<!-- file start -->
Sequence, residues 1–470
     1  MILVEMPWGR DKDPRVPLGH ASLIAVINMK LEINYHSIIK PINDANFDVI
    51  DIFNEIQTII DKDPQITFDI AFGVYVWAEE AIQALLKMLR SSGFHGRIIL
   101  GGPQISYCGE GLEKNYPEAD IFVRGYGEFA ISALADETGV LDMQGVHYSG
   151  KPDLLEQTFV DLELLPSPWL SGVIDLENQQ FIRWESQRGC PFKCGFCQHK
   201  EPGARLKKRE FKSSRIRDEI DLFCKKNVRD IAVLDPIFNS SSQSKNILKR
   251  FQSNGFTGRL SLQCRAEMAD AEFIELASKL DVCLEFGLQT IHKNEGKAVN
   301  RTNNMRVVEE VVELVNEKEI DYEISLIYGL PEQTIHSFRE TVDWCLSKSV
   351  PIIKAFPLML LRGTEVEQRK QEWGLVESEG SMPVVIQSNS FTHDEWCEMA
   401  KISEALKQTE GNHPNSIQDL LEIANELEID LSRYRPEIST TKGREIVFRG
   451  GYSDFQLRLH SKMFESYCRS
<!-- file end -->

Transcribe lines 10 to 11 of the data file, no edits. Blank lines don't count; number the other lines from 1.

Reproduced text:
   401  KISEALKQTE GNHPNSIQDL LEIANELEID LSRYRPEIST TKGREIVFRG
   451  GYSDFQLRLH SKMFESYCRS